A ballot issue committee has been formed by opponents of the “Voters Not Politicians” (VNP) petition drive, which seeks to place before voters in the 2018 general election a proposal to change the way Michigan draws Congressional and legislative district lines.
Lansing-based attorneys Eric Doster and Bob LaBrant claim VNP is not non-partisan but a “Democratic front group” that will throw out the so-called “Apol standards” codified in state law that accentuate contiguity, compactness and adherence to traditional county, township and municipal boundaries in drawing maps. Instead, they argue, the VNP plan will substitute a vague term called “communities of interest” as a factor to be considered in reapportionment.
“What the hell is a community of interest?,” asked Doster earlier this week. “What a joke.”
Meanwhile, LaBrant has ratcheted up his war of words with new state Elections Director Sally Williams, objecting to Williams’s “rebuttal to (his) rebuttal” in a complaint LaBrant filed against her this past summer. In an Oct. 18 letter to Assistant Attorney General Margaret Nelson, who is charged with issuing a ruling on LaBrant’s complaint against Williams by early December, LaBrant excoriates Williams’s right to write a response to his rebuttal of Williams’s earlier answer to his complaint.
“Section 15 of the MCFA (Michigan Campaign Finance Act)… does not give (Williams) a right to respond,” LaBrant complained to Nelson. “What little Latin I picked up in law school was in conjunction with statutory construction. “Expressio Unius Est Exclusion Alterius” probably settles whether Mrs. Williams should have been given another bite at the apple — and not in her favor” (Editor’s note: the Latin phrase means “Express mention of one thing excludes all others.”)
Nelson hopes she has satisfied LaBrant’s objection to Williams’s second polemic by giving LaBrant himself another “bite at the apple,” which he has now done. That leaves the basic question to be resolved by Nelson in roughly six weeks: SHOULD GOVERNMENT BE NEUTRAL AND NOT A PUBLICLY-FINANCED LEGAL COUNSEL TO A PETITION DRIVE? LaBrant says “Yes,” and accuses Williams and her Elections bureaucrats guilty of violating Section 57 of the MCFA (MCL169.257) when they advised VNP on their ballot language submitted by the petitioners to the Board of State Canvassers (BOSC) last summer. LaBrant argues that the MCFA demands that Nelson endeavor to correct what he believes is Williams’s violation and prevent a further violation by using “informal methods such as conference, conciliation or persuasion” to enter into “a conciliation agreement with the Bureau of Elections and Dept. of State.”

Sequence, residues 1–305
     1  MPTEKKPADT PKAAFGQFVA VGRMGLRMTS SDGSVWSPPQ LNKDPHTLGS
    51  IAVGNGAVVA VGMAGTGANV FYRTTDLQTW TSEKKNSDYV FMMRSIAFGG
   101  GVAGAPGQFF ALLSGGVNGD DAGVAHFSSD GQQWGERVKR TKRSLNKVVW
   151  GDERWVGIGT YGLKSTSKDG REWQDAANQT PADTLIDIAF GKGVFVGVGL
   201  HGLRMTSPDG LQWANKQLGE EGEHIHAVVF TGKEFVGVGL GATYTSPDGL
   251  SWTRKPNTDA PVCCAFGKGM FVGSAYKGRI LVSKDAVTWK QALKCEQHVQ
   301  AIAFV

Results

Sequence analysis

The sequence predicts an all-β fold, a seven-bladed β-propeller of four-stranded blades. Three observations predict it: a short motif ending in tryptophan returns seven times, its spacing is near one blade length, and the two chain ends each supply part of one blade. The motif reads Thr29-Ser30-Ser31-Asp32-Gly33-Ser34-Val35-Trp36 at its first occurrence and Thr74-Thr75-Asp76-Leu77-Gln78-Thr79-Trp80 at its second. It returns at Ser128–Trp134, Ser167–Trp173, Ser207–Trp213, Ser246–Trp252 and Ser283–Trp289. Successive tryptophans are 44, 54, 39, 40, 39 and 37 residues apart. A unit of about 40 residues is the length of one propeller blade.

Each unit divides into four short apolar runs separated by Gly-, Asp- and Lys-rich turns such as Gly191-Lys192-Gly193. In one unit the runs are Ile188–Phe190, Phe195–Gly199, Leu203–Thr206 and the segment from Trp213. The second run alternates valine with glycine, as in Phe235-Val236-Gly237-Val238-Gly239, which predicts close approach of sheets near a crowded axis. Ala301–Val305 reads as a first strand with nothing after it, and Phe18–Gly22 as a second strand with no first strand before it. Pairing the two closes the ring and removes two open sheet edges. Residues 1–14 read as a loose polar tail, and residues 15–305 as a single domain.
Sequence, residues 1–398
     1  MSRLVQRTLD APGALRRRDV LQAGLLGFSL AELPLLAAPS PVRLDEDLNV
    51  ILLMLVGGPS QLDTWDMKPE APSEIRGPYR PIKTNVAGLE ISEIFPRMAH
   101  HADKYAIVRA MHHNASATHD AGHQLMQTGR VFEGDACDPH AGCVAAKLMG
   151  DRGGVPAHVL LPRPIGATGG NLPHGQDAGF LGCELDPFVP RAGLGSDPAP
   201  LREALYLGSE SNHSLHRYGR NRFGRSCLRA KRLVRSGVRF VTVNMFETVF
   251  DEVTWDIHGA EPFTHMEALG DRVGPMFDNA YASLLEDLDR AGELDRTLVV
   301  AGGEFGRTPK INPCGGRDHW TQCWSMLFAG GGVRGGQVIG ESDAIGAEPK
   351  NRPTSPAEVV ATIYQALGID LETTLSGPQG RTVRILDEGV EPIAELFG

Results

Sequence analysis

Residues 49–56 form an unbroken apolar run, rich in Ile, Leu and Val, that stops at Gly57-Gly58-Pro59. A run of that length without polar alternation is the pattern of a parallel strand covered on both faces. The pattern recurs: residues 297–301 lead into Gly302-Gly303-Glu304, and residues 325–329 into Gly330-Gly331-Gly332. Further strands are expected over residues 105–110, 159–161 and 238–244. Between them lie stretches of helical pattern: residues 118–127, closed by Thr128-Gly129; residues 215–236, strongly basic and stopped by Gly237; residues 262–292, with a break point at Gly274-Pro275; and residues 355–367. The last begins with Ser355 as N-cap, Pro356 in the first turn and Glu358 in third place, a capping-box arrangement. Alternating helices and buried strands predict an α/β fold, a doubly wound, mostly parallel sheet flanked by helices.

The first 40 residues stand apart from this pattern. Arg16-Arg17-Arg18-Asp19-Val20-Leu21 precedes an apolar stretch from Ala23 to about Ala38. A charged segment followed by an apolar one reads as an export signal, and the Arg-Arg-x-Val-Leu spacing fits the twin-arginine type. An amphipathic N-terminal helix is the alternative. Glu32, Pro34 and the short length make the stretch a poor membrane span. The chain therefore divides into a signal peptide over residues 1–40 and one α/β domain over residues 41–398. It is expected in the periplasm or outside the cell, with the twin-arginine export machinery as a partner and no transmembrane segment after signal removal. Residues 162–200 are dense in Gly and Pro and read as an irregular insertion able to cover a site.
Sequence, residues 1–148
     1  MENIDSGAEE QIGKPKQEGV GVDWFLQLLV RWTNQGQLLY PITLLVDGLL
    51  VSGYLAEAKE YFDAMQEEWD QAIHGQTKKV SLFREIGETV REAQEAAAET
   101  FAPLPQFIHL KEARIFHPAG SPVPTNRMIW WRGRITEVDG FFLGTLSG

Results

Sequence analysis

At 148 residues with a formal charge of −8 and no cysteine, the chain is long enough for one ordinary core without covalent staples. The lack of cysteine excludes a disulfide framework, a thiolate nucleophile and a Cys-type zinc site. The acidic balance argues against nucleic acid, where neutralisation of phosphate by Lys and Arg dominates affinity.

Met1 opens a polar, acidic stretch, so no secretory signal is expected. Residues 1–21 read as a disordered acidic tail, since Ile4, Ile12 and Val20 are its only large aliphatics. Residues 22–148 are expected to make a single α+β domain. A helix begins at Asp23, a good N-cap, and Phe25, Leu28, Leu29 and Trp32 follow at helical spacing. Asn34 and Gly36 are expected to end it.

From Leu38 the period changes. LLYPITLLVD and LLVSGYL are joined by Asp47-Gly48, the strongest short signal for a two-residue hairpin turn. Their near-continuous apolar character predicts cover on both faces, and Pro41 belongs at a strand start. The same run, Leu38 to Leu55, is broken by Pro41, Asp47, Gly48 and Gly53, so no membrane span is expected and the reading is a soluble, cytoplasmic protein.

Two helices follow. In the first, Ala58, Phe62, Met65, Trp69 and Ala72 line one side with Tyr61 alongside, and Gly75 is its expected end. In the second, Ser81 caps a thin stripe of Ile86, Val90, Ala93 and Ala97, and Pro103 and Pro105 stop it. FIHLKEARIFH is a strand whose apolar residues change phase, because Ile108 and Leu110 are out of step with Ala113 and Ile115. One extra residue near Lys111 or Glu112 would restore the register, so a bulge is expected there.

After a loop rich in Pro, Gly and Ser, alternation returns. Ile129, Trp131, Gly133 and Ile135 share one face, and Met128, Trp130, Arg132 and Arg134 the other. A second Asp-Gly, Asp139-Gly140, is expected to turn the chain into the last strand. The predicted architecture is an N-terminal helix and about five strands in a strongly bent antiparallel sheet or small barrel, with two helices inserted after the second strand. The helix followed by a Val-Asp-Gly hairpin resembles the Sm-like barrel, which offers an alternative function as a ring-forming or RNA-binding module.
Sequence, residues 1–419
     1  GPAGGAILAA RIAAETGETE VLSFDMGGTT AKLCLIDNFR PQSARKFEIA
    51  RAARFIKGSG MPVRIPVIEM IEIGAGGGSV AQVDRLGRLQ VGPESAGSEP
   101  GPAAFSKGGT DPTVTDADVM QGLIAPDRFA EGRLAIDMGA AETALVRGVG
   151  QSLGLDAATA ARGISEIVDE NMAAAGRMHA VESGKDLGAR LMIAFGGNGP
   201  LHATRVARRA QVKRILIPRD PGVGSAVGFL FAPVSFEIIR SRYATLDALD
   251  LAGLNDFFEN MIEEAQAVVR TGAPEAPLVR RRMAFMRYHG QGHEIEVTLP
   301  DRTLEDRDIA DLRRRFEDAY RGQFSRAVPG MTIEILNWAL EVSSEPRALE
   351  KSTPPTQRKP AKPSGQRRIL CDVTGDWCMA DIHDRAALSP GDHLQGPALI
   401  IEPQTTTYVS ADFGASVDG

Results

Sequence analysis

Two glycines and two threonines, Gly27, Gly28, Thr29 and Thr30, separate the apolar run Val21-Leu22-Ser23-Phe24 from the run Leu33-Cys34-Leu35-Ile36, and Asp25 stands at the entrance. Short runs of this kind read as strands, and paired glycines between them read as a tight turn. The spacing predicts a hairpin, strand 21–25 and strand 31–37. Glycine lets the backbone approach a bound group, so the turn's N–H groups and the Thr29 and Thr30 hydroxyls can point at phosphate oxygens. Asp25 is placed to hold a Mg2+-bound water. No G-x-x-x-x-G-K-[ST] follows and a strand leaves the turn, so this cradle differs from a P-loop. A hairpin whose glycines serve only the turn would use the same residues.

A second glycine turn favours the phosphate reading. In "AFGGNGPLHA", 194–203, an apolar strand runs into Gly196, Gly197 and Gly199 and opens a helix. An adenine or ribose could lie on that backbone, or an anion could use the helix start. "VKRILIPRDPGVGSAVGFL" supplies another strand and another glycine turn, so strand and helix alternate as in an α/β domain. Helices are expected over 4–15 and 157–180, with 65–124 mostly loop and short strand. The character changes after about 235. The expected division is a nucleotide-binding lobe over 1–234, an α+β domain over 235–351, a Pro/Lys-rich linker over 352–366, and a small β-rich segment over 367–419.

LaBrant also blasted Williams for “practicing what some observers might label as the iron law of bureaucracy (wherein) expansion of mission leads eventually down the road to a later expansion of staff.”
“The Bureau of Elections has been acting like a Legal Zoom franchise,” charged LaBrant. “It is consulting with petitioners on areas of the Michigan Constitution that would be altered or abrogated by a proposal even though the BOSC (jurisdiction over) approval as to form does not extend to whether the petition properly characterizes those provisions as altered or abrogated.”
“The BOSC, in giving approval as to form, just wants to see, on a constitutional amendment petition, that an altered or abrogated section appears — not whether the petition properly characterized those provisions,” LaBrant added. “The key distinction between Legal Zoom and the Bureau of Elections is that the former doesn’t have to pay for their legal consultations, whereas with the latter the taxpayers of Michigan have to pick up the tab. That sounds like a classic (MCFA) Section 57 violation to me.”
Meanwhile, the VNP petitioners claim they’ve already collected upwards of 260,000 signatures on their way to meeting the approximately 315,000 John Hancocks they’ll need to get their proposal on next year’s ballot. Of course, realistically they’ll need 400,000 or maybe almost half a million signatures to guard against rejection of many autographs that would leave them short of the minimum required.
In a related move, 2010 Democratic Party Secretary of State nominee Jocelyn Benson announced this week that she’s running again, now that the Republican who beat her, Ruth Johnson, is term-limited.
Doster and LaBrant contend the VNP proposal gives the Secretary of State expanded powers to influence the drawing of Congressional and legislative maps, so if Benson is elected and the VNP proposal gets on the ballot and is approved in a statewide vote, Democrats will suddenly be in the driver’s seat on redistricting come 2021, regardless of how the U.S. Supreme Court rules on the possible landmark reapportionment case, now pending, called Whitford v. Gill.